Immediately, in the first year publishing this data online, the PiRates successfully picked Florida to win its first national championship, and the Gators came through with a surprise title. In all six of their tournament wins in 2006, they enjoyed spurts that broke close games open. In their big upset win over top-seeded Villanova, the Gators’ pressure man-to-man defense made it difficult for the Villanova perimeter to get an open look, and when the Wildcats drove by into the lane, Joakim Noah and Al Horford were there waiting to stop the offense. The two Gator big men totally controlled the boards that afternoon, and Florida advanced with a couple of spurts that put the game safely in the win column.

Early on in the history of our Bracketnomics, our success continued and brought us a tiny bit of national notoriety. A little success swelled the heads of all the PiRates. We became too big for our tiny ship. We began to try to perfect our system by adding additional information. We thought for a few years that teams that relied on the three-point shot were at a disadvantage against teams that pounded the ball inside, because so many of the tournament games were held in giant stadiums, even domes, and it affected depth perception and made it hard to aim on outside shots. There was a time when we discounted teams that won games by shooting a lot of foul shots, because the officials did not call as many fouls in the tournament.

The success of the PiRate Ratings Bracketnomics led to some mainstream media sources linking to us, and we saw our readership increase by large multiples, especially between the second week of March and the first week of April. And, then what happened? After correctly picking the national champion during Bracket Picking day for three consecutive years; and after picking tiny George Mason to contend for a Final Four spot when Jim Larranaga guided the Patriots to the Final Four; and after picking Duke, Connecticut, and Kentucky to win and hit on another three in a row, the bottom fell out.

Just like the Dosage Index for the Kentucky Derby, the criteria began to lose its effectiveness. Too many basketball equivalents of Strike The Gold and Real Quiet began winning when the profile predicted they had little or no chance. While R+T ratings still remained effective, other criteria not used by us began to be more predictive of reality.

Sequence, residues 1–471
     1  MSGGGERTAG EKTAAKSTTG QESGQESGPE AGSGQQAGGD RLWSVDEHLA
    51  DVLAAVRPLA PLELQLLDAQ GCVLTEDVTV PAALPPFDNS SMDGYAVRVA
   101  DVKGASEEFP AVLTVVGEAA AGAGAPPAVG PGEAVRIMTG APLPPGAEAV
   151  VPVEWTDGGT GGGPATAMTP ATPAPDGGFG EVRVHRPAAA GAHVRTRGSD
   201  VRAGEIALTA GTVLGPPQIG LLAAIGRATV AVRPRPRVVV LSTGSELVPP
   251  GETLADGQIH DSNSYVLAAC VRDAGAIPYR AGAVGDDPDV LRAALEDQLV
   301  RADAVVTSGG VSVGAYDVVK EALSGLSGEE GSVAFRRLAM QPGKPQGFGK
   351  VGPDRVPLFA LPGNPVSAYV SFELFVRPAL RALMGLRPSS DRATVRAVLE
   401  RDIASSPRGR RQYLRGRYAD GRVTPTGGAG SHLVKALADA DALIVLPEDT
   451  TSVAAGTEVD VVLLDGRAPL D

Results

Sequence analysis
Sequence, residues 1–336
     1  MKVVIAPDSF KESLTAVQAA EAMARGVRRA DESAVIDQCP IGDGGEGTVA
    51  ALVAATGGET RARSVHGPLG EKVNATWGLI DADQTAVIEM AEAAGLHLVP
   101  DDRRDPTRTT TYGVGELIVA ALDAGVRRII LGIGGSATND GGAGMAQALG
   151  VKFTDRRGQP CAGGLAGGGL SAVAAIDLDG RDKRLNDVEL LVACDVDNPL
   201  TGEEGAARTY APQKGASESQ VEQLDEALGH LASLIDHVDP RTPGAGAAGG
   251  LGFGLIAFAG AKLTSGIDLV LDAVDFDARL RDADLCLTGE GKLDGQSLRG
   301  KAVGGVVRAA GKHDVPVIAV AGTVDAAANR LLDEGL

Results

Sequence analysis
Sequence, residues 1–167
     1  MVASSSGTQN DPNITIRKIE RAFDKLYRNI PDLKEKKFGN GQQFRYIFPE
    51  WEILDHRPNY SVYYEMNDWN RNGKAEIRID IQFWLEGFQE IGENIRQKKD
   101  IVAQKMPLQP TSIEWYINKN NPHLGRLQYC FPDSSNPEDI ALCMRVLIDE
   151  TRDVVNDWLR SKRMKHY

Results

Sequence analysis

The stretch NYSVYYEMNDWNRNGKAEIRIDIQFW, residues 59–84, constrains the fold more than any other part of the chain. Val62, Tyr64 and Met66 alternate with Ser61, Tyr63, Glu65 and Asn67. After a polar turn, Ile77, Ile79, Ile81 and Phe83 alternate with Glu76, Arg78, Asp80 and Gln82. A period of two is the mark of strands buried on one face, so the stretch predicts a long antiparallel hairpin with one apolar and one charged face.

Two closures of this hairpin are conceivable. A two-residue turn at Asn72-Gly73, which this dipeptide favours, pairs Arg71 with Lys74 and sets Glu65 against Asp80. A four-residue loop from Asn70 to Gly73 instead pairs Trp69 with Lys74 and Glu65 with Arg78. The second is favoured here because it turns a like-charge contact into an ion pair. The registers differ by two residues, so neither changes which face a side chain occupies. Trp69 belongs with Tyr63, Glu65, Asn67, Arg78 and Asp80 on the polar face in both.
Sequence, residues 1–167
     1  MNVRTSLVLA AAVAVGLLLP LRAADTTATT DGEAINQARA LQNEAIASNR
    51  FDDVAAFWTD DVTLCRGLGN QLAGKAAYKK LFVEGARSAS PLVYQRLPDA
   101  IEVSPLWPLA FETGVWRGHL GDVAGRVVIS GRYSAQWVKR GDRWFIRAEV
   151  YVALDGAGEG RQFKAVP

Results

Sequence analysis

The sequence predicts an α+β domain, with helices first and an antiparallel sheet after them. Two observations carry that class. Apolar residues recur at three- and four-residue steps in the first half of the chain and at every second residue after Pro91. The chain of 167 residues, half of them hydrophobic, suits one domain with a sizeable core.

The better three-point shooting teams started to win more and more. Watching the Golden State Warriors dominate the NBA and then seeing how almost every NBA team tried to copy them in some way, it became apparent that advanced metrics were changing the game, just like Sabermetrics changed the way general managers built their baseball teams. The name of the game became three-point shooting and very high percentage two-point shooting. Defenses that forced opponents to take lower percentage two-point shots became the new basis for determining effectiveness.

There was one other change that greatly affected the college game. When the shot clock moved from 35 to 30 seconds, it appeared on the surface that it would minimally affect the game by maybe two or three possessions per game. This was not the case. Defenses discovered that they could pressure the offense more and more in hopes that they would force a turnover or force the offense to escape the pressure to find a good shot. Many times, the pressure defense led to a hurried shot by the offense. Thus, teams that were patient all of a sudden saw their shooting percentages fall when good pressure defenses forced too many hurried shots. There was also the case where a defense that could keep the ball out of the close two-point range and force three-point shots to be taken a few feet farther back, could stop the patient offenses. What was the solution to these defenses? It was the return of Up-tempo basketball. Offenses began to try to hurry up their tempo to beat these gambling defenses or to get the preferred close in two-pointer or open looks an inch behind the line three-point line before defenses could organize. The newer up-tempo style of play brought back basketball from 40 years ago.

Once again, the teams that can get up and down the court in a hurry and do so without becoming sloppy in execution have begun to dominate the game. The patient offenses and non-pressuring defenses have found out that it is really hard to win consistently when the opponent is now finding a way to score 10 more points per game due to their new style of play.